Louis Delmas makes an Interesting Prediction
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No one really thinks the Detroit Lions are bound for the playoffs this year. This conclusion has been drawn through a discussion with many types around the game, pundits, coaches, etc., as well as some plain old common sense. In 2008, the Lions won no games. In 2009, they managed to go largely unimproved from that horrendous season. The Lions have remained impressively bad under Jim Schwartz in his first year, and noticeable turnarounds simply don’t happen in the NFL to teams that can’t do anything right.
Everyone expects the Lions to be improved, probably by a significant margin. Pundits seem to have a good feel for this team: lots of potential on an offense that returns a lot of talent and adds a lot more, and a few good defensive players (S Louis Delmas and DT Ndamakong Suh) offer the requisite hope for some big things, but yeah, this is going to be a pretty bad defensive unit for a third straight year. With it, the Lions don’t seem like a team that is going to challenge for third place, much less the postseason.
Which is why I was intrigued by a quote from the aforementioned Delmas. It’s a quote that rings as both accepting of reality and strangely realistic:
“We know what we can do. We just slipped up last year. I know that we lost a lot of games on last drives last year. It’s no surprise if we come out and get eight wins — I won’t be surprised at all. We know we can do it.
“If we get eight wins and we don’t make it to the playoffs, I’ll be pissed. So that’s what we’re shooting for.”
To reiterate: the Lions aren’t very likely to challenge for eight wins. But they’re almost certain to double — and possibly triple — their win total from 2009. There’s too much talent to not steal a game from a playoff team at least once over the course of the season, and there will be teams on the Detroit schedule (St. Louis, Tampa Bay, Buffalo) who aren’t sending out comparable talent to the Lions. So, yeah, we’re looking at a team who probably should be disappointed with a 4-12 season, and once we establish that, 8 wins isn’t but a standard deviation away from what’s expected of the Lions. When you consider that the Packers (sustained offense w/o big plays), Vikings (pass defense), and Bears (also pass defense) all have units that could potentially ruin their seasons, Delmas’ prediction is very oracle like: by virtue of who they play, an 8-win Lions team probably is a playoff team.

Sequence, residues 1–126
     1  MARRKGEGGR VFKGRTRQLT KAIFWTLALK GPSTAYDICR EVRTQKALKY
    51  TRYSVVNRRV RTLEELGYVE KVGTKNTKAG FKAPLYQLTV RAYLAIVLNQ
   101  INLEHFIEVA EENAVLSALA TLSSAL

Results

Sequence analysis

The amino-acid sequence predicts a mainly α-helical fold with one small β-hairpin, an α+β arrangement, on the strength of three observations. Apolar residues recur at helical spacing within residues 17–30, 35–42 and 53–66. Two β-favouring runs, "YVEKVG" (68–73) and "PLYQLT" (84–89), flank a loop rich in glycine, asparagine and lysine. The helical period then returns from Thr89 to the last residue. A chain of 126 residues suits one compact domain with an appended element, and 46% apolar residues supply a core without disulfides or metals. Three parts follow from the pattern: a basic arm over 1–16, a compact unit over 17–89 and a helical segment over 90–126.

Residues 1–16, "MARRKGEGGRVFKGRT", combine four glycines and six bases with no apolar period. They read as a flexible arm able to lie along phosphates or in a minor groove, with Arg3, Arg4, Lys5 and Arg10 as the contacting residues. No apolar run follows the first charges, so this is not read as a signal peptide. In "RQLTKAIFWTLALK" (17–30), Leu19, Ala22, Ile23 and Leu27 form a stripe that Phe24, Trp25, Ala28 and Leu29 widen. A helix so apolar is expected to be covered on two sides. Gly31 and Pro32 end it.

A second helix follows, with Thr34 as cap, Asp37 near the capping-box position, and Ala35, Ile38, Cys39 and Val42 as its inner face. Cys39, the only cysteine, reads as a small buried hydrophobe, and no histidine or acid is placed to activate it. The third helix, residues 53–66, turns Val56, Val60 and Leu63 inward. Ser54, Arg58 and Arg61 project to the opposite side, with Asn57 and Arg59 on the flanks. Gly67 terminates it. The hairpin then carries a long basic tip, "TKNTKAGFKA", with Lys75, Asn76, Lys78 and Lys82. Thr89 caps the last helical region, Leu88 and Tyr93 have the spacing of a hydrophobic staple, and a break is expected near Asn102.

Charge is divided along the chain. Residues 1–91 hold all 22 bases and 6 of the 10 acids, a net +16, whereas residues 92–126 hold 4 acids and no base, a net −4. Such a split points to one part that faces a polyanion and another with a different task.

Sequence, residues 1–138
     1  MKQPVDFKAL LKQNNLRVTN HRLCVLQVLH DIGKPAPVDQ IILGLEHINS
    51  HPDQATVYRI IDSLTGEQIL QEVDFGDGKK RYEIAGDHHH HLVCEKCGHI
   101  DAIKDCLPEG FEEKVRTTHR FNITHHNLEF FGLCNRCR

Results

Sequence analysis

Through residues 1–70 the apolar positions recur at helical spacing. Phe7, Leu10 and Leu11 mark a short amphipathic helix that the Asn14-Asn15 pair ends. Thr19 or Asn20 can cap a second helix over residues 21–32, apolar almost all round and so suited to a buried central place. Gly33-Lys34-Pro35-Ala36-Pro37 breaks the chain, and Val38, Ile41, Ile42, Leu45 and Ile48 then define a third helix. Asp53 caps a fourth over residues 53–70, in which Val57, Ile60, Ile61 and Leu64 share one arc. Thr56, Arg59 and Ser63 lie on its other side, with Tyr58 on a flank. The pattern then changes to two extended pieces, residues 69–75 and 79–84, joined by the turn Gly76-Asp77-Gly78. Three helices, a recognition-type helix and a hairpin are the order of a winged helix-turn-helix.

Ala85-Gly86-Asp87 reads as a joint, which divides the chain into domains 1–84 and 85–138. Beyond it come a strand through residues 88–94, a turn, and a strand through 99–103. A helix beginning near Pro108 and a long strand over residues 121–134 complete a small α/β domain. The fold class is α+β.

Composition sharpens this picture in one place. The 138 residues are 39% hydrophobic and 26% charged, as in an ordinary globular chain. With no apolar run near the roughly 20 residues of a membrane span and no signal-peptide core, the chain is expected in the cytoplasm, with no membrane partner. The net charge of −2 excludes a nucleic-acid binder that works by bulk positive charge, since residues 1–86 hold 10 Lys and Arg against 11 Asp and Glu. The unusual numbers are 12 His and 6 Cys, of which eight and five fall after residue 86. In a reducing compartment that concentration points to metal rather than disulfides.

The logic for that is along the lines of that they can’t get to 8 wins unless they do 3-3 or better in the division, and if they do 3-3 or better in the NFC North, they aren’t feeding wins to the teams at the top of the division as they have in the past, and without games against the Lions, the division has been highly suspect over the past five years. The Vikings won 10 games and the Packers won 9 games and the Bears won 5 games in their 14 games against non-Lions opponents. The Packers and Vikings are basically certain to regress on their win totals from last year, which means that the Lions could really make some noise by going 3-1 or better against top teams in their division from last year.
As for Delmas’ point that the Lions lost a lot of games on the last drive last year, well, yes and no. One of their two wins was a come-from-behind win against a bad Browns team on an untimed down that extended regulation by rule. They lost games on the last drive to: Pittsburgh, St. Louis, Seattle, Arizona, and Chicago. It should be said that in the 6 games the Lions had decided on the last drive, or what could have potentially become the decisive drive, they were not favored to win any of them according to win probability at Advanced NFL Stats. We can estimate the Lions expected wins over this 1-5 stretch by adding up all of their win probabilities (most likely — 43% against Seattle down 25-20, least likely — 13% trailing Pittsburgh 28-20).
The Lions totaled 1.6 expected wins based on the probabilities, so they certainly weren’t unfortunate to have gone only 1-5 in games decided late. They simply weren’t the better team on the field in any of those games through 55+ minutes. Only once were they the best team on the field after that.
Delmas’ claim isn’t inching the Lions any closer to eight wins than they were last year, but the front office is doing his work for him. The Lions will be an eight win organization sooner rather than later. The conflict — as correctly pointed out — is that there are huge potential bonus to being a .500 team THIS season. The Lions can hope for such a result, but I’m guessing that January football will be elusive — at least for one more season.